On of the most annoying tropes in modern intellectual discourse, in particular of the postcolonial variety, is its Eurocentrism. That is, the focus on the Western colonial experience is so strong and unwavering that operationally the rest of history becomes prehistory, a formless period which we are ignorant of, when humans were different in fundamental ways.
Empirically this is of course false. Earlier I have mentioned that the Central Asian Iranian polymath, Al-Biruni, had much to say about India. His was one of the earliest extensive anthropologies we have about the subcontinent from the prespective of an outsider. Though Al-Biruni was from a region which had once had a flourishing Buddhist presence, by the 10th century this had faded from historically memory. Whereas earlier Islamic scholars from previous centuries allude to the persistence of Buddhists in what is today Central Asia and Afghanistan, by Al-Biruni’s lifetime non-Muslims were in sharp retreat (though in the fastness of area like Chitral paganism persisted for a thousand years).
In any case, here are some extracts of Al-Biruni on Indian religion:
The belief of educated and uneducated people differs in every nation; for the former strive to conceive abstract ideas and to define general principles, while the latter do not pass beyond the apprehension of the senses and are content with derived rules, without caring for details, especially in questions of religion and law, regarding which opinions and interests are divided.
With regard to God, the Hindus believe that he is one, eternal, without beginning and end, acting by free will, almighty, all-wise, living, giving life, ruling, and preserving; one who is unique in his sovereignty, beyond all likeness and unlikeness, and neither resembling anything nor having anything resemble him. In order to illustrate this, we shall produce some extracts from the Hindu literature….
This is what educated people believe about God. They consider the unity of God as absolute, but that everything beside God which may appear as a unity is really a plurality of things. The existence of God they consider as a real existence, because everything that exists, exists through him. It is not impossible to think
If we now pass from the ideas of the educated people among the Hindus to those of the common people, we must first state that they present a great variety. Some of them are simply abominable, but similar errors occur also in other religions. Nay, even in Islam we must decidedly disapprove of the anthropomorphic doctrines, the teachings of the Jabriyya sect, the prohibition of the discussion of religious topics, and such like. Every religious sentence destined for the people at large must be carefully worded, as the following example shows. Some Hindu scholar calls God “a point,” meaning to say thereby that the qualities of bodies do not apply to him. Now some uneducated man reads this and imagines that God is as small as a point, and he does not find out what the word “point” in this sentence was really intended to express. He will not even stop with this offensive comparison, but will describe God as much larger, and will say, “He is twelve fingers long and ten fingers broad.” Further, if an uneducated man hears what we have mentioned, that God comprehends the universe so that nothing is concealed from him, he will at once imagine that this comprehending is effected by means of eyesight; that eyesight is only possible by means of an eye, and that two eyes are better than only one; and in consequence he will describe God as having a thousand eyes, meaning to describe his omniscience.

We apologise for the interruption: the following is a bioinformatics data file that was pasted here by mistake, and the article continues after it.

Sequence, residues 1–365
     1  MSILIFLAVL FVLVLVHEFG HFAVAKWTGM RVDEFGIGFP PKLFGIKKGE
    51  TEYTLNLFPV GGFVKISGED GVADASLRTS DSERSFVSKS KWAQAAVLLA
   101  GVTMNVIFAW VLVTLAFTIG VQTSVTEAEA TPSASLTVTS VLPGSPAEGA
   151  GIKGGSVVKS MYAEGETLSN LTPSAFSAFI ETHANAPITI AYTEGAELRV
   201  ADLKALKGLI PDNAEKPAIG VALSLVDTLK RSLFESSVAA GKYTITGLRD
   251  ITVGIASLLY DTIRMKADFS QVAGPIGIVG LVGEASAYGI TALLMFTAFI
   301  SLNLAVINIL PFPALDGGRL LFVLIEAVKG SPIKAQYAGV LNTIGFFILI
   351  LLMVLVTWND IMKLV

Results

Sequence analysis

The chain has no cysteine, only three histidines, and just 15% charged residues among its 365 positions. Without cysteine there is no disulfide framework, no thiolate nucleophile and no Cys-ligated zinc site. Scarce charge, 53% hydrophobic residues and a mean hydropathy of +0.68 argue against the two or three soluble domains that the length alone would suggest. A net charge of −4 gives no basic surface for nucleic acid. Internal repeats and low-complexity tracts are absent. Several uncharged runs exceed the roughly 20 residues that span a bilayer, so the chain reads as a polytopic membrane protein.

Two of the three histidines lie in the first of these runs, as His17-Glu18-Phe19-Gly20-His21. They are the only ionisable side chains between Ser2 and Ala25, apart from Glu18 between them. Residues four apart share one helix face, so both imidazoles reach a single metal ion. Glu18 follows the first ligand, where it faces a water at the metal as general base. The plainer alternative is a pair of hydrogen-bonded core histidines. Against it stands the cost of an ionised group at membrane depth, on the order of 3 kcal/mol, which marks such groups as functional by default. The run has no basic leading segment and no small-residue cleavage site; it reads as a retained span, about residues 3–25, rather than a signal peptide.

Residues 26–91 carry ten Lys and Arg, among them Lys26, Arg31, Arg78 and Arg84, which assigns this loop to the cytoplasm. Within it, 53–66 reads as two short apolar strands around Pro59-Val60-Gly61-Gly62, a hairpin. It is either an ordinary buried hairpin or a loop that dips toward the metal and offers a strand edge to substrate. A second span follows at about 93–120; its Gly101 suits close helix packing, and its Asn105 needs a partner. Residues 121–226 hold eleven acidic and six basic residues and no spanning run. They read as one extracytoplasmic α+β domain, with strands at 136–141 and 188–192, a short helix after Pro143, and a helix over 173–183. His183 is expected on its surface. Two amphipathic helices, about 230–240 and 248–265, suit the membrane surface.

Similar hideous fictions are sometimes met with among the Hindus, especially among those castes who are not allowed to occupy themselves with science, of whom we shall speak hereafter.
As the word of confession, “There is no god but God, Mohammed is his prophet,” is the shibboleth of Islam, the Trinity that of Christianity, and the institution of the Sabbath that of Judaism, so metempsychosis is the shibboleth of the Hindu religion. Therefore he who does not believe in it does not belong to them, and is not reckoned as one of them. For they hold that the soul, as long as it has not risen to the highest absolute intelligence, does not comprehend the totality of objects at once. Therefore it must explore all particular beings and examine all the possibilities.
The point of this post is not to show that Al-Biruni had a good idea of what “Hinduism” was, though I think if you read it on the whole he isn’t that far removed from how some moderns would characterize it. Rather, it is to show that the distinctiveness of Indian religious thought was noticed long before Europeans arrived to create a specific categorization system which we utilize today. The details of the system might deviate from Al-Biruni, or Adi Shankara, but in its broad outlines it’s describing the same thing.
(since some people are not subtle, the title is not to be taken literally)